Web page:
Federal agents broaden probe involving M.M. Parrish Construction
Published: Friday, January 9, 2009 at 11:09 p.m.
Last Modified: Friday, January 9, 2009 at 11:09 p.m.
LAKELAND — Federal agents have broadened their investigation into the Polk County School District's facilities division, subpoenaing thousands of documents involving its business with five contractors — including Gainesville's M.M. Parrish construction — from 2003 to 2008.
Three of the contractors — M.M. Parrish among them — are the school district's largest builders. M.M. Parrish is based in Gainesville, but is not related to M.M. .Parrish Realtors.
The Department of Justice requested the information in a 12- to 15-page subpoena just before winter break in December.
Ron Ciranna, assistant superintendent of human resources, said federal investigators gave the district a deadline of Jan. 15 to gather the information.
"It's a very broad and encompassing subpoena," Ciranna said. "We are complying as best we can."
The investigation surfaced Nov. 18 when six agents seized computers and documents from the department. Other agents searched Parrish Construction offices in Gainesville and Winter Haven in an inquiry to determine whether the contractor received special treatment from the district.
During the past five years, M.M. Parrish has been the School District's largest building contractor, receiving $160 million and far outpacing Rodda Construction, which had $69 million. Marcobay was paid $43 million, while Nujack Development and Manhattan have been paid $6.5 million and $11 million, respectively, over five years.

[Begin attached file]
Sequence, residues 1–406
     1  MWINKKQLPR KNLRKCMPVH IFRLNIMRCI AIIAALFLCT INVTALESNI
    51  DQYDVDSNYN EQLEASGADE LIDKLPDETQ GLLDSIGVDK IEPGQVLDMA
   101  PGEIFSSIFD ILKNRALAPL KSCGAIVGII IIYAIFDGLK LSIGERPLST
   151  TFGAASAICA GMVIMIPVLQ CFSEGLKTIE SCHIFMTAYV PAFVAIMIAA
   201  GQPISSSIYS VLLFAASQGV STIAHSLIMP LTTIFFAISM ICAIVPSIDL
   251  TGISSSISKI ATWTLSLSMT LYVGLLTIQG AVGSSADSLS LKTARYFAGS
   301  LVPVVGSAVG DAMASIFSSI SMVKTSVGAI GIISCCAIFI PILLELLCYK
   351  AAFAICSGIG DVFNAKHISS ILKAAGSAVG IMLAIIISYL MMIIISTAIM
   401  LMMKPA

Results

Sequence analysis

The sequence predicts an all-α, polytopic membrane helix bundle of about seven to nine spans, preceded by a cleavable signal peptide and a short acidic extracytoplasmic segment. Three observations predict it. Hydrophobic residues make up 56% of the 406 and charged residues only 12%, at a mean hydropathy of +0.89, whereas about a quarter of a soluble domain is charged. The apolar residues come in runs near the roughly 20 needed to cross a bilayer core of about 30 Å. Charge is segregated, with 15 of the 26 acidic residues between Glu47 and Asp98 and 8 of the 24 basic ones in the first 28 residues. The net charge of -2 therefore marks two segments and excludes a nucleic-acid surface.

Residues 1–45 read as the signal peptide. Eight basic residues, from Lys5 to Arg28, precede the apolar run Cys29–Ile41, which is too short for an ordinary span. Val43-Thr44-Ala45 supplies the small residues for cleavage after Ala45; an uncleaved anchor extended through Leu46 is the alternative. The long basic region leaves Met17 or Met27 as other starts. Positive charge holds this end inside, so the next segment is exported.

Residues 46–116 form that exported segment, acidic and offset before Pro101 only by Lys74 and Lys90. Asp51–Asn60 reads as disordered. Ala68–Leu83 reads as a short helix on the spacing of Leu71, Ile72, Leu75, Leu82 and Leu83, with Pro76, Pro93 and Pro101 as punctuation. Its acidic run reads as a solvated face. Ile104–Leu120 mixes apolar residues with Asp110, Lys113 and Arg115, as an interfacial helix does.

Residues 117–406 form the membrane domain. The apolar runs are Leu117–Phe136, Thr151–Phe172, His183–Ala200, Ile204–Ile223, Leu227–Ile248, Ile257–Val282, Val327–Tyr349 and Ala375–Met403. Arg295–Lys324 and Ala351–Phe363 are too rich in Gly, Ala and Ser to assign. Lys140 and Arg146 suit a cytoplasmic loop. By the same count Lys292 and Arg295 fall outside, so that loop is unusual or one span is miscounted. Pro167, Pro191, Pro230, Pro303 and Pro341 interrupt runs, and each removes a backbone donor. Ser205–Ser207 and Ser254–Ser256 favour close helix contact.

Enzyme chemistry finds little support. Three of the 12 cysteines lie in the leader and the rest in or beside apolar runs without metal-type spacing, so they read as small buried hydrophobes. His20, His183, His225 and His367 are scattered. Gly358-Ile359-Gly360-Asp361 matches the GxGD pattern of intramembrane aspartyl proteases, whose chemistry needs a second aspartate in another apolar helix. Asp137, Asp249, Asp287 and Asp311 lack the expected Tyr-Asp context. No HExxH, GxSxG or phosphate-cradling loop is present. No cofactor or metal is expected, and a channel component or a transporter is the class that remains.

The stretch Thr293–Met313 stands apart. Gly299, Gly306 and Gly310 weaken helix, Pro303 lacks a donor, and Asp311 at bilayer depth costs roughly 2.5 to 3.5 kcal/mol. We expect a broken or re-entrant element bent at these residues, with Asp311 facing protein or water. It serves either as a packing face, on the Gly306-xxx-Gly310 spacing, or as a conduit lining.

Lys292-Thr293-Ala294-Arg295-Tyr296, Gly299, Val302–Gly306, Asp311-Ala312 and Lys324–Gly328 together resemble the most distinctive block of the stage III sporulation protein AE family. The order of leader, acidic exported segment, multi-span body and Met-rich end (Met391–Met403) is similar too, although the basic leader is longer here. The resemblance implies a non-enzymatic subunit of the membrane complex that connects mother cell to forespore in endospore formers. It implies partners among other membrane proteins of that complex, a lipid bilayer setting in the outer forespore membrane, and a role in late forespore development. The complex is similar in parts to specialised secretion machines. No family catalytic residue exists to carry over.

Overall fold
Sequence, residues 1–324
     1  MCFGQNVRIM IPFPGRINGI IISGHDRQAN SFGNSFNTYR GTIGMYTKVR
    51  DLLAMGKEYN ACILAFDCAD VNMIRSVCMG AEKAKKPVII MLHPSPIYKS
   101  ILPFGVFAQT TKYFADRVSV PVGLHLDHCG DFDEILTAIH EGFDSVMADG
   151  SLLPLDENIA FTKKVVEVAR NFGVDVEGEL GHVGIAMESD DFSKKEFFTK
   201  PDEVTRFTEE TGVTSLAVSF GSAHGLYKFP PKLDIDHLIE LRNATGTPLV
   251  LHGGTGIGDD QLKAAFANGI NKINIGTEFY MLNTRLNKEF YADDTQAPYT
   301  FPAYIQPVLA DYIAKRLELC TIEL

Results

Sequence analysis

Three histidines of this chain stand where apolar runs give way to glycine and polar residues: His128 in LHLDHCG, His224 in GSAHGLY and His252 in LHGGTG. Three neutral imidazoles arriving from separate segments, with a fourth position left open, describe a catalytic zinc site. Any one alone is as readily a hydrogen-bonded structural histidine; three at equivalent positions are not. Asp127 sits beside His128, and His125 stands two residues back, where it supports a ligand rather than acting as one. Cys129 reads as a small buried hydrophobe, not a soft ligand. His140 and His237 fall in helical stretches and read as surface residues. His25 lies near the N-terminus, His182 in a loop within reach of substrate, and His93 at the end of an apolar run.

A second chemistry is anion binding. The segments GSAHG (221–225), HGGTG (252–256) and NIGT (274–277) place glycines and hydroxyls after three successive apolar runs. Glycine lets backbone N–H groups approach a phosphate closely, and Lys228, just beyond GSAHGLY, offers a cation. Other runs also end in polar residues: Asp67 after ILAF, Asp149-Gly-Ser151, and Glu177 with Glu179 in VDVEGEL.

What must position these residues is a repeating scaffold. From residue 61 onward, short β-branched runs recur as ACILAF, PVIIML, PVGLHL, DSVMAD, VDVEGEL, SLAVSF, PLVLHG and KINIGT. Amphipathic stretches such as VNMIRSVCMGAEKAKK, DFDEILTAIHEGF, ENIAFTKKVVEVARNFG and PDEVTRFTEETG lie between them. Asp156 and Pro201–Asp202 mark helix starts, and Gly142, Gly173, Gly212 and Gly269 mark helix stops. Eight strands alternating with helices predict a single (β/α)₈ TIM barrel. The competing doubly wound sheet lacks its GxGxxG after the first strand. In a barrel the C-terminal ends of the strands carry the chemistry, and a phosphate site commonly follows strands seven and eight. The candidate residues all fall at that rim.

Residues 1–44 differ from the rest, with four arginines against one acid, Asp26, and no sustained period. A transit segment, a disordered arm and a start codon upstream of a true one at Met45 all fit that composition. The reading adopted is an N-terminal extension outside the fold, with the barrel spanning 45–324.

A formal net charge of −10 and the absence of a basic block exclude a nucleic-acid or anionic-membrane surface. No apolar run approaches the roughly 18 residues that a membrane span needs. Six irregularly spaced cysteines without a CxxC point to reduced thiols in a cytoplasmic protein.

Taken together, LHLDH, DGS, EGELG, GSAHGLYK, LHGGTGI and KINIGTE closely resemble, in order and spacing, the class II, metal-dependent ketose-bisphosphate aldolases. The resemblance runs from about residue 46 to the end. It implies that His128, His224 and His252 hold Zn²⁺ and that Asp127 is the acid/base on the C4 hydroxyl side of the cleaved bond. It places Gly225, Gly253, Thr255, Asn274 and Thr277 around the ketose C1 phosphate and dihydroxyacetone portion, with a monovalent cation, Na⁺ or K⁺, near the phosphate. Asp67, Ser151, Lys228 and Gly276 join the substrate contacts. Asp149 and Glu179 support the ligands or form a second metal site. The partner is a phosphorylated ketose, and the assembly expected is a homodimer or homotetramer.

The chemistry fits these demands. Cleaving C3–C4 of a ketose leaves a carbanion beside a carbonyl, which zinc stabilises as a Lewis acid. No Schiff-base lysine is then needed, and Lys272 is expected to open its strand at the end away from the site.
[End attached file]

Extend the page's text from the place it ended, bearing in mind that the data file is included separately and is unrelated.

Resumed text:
Nujack's Chief Operating Officer Tim Jackson said he was questioned by the FBI in November.
Jackson said agents asked him about a lack of openness during the bidding processes and the disparity in the number of contracts awarded to companies.
Jackson told agents he was "greatly disappointed" in the amount of work Nujack has received from the district.
"When I'm getting less than 1 percent (of the work) over 17 years, it calls a lot into question," Jackson said.
Jackson said he never figured out how Bob Williams, the assistant superintendent of facilities, picked contractors.
"You had no idea what the process was," Jackson said.
In other districts in Florida, the bidding process is more open, Jackson said, with a group picked to rate each contractor, with the scores then placed online.
Three school district employees, including a longtime assistant superintendent, have resigned, effective Tuesday, as a result of the inquiry.
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